Aromatherapy

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What is aromatherapy?

Aromatherapy is a practice in which scented oils are inhaled through the nose or rubbed on the body during a massage.

Research in cancer patients has shown that aromatherapy may help relieve:

  • anxiety
  • depression
  • nausea
  • high blood pressure

The oils used in aromatherapy, called "essential oils," are the highly concentrated extracts of flowers, leaves, stems, roots, seeds, bark, resin, or fruit rinds. Essential oils can be purchased in most health food stores.

Because of their high concentration level, essential oils must be diluted before they are rubbed onto the skin. Oils are usually diluted with a "base" or "carrier" oil, which is a vegetable oil processed from nuts, seeds, or trees that helps spread the essential oil over a larger area and protects the skin from a reaction.

What to expect in a typical aromatherapy session

  • An aromatherapy session often begins with an interview during which you will be asked questions about your personality, your interests, your general health, and your particular symptoms. Your responses will help the therapist decide what type of fragrance would best suit your needs.
  • After this discussion, the aromatherapist selects a blend of oils that he or she feels is suitable for you.
  • The aromatherapist will then apply the oils to your body, usually by massaging them into your skin.
  • Appointments may last up to 90 minutes.
  • You will probably be told not to shower for several hours afterwards, to allow more time for the oils to sink into your skin.

The National Association for Holistic Aromatherapy reports that commonly used oils can have the following benefits:

  • Headache relief: Peppermint
  • Immune system stimulation: Eucalyptus, rosemary, tea tree
  • Muscle tension relief: Chamomile, clary sage, eucalyptus, peppermint, ylang ylang
  • Indigestion relief: Peppermint
  • Relaxation: Ylang ylang, geranium, lavender, lemon, clary sage, and chamomile
  • Respiratory problem relief: Eucalyptus

Other ways to use aromatherapy:

  • Place a few drops of essential oil in a small oil burner to allow a soothing fragrance to fill the room.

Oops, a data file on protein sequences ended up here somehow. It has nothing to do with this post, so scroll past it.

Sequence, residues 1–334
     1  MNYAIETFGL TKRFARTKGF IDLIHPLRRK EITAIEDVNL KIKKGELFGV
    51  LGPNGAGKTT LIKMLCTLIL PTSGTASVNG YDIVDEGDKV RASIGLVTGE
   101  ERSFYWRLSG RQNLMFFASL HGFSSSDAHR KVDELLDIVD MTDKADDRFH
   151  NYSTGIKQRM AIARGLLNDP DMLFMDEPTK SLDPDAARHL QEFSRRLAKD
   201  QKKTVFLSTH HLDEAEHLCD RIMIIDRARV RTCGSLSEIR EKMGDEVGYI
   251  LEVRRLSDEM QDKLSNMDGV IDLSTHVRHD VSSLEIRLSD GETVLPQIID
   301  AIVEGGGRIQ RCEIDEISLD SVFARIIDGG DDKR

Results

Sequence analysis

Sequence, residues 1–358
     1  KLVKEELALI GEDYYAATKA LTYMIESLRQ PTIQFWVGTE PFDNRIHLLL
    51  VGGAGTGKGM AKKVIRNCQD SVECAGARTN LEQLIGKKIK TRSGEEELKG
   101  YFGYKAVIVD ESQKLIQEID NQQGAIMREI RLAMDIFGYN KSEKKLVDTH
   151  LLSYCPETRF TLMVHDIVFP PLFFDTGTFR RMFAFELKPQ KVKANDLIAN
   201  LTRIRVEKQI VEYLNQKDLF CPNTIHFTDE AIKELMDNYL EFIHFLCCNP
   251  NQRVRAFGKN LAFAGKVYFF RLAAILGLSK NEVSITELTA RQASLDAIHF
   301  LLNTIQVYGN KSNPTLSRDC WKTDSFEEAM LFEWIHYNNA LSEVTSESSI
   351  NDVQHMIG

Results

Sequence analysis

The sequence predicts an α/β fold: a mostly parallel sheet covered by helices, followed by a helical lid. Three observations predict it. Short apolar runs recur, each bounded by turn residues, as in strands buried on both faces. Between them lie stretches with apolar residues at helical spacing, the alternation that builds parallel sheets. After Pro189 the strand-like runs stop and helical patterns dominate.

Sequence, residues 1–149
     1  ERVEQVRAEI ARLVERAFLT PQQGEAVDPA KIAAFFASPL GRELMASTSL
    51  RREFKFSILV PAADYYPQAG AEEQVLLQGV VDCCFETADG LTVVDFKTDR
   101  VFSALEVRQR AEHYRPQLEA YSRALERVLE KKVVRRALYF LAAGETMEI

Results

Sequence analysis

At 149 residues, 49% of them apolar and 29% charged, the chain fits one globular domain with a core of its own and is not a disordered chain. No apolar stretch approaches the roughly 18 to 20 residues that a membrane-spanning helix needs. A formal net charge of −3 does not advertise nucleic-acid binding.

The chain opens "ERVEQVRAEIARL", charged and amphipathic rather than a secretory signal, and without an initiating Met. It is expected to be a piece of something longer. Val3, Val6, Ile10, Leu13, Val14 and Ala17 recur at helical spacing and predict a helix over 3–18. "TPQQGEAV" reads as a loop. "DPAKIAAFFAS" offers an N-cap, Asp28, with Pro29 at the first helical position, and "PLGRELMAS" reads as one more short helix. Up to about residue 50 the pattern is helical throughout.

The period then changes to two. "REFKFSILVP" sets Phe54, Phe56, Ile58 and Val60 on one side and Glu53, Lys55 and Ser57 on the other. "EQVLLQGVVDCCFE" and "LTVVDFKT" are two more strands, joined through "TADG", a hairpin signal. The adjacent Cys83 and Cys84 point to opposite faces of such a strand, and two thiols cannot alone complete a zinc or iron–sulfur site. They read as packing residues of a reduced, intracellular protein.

• Sprinkle 5-10 drops of oil in your bath.
  • Sprinkle 2-4 drops of oil on a tissue or a handkerchief, and hold it up to your nose. Keeping your eyes closed to avoid irritation, take 2-3 deep breaths through the nose.
  • Place 10-15 drops of oil in a 4-ounce spray-bottle of water. Shake the bottle and then spray fragrance around a room.

Aromatherapy practitioner requirements

Some countries require that practitioners have an aromatherapy license. But no training or licensing is required in the United States or the United Kingdom, so be wary of anyone claiming to be "certified in aromatherapy" in these countries. To find a qualified aromatherapist, look for these credentials:

  • Formal aromatherapy training from an established school. Ask the therapist where and for how many hours he or she was trained; established schools offer programs with 200 to 300 hours of training.
  • A state-issued license or certification in a hands-on field, such as massage. While people trained in aromatherapy usually receive a paper certificate or diploma at the completion of training, this is not the same as being a "certified" aromatherapy practitioner. Anyone applying oils to people topically should have a license for a hands-on therapy, such as massage. Seek a practitioner with a state-issued license or certification in massage therapy.

If you have trouble finding an aromatherapy practitioner, ask licensed massage therapists for recommendations. Aromatherapy practitioners can often be found at massage therapy centers.

Research on aromatherapy in people with cancer

In some studies of cancer patients, aromatherapy massage has been shown to help reduce anxiety, nausea, depression, and high blood pressure. However, other studies show no difference in patients' responses to massage with aromatherapy oils and massage without the oils.

Although unproven by scientific studies, people undergoing cancer treatment have reported that inhaled peppermint or ginger relieves the nausea sometimes caused by chemotherapy and radiation.

Important things to consider before trying aromatherapy:

  • Make sure you're using essential oil. The label should say "pure essential oil," not "blend" or "massage" oil. If the label isn't clear, don't purchase the oil.
  • Some essential oils are poisonous. You should NEVER TASTE OR SWALLOW any essential oil.
  • Pregnant women and children should not inhale essential oils or rub them on their skin.
  • Always do a skin test with new oils. When using an oil for the first time, it's important to do a skin test on a small area of skin.
    • Spread a little bit on your arm and put a bandage over it.
    • Wait 24 hours to make sure there is no skin reaction before trying it on a larger area.
    • If the area becomes red, swollen, or sore, do NOT use the oil again.
    • It's important to use oils that have been produced without chemicals, or "organic" oils. Oils made with chemicals can irritate the skin.
  • If you find that you are sensitive to different aromas, avoid essential oils.
  • Always check with your doctor before using aromatherapy.

Back to Types of Complementary Techniques

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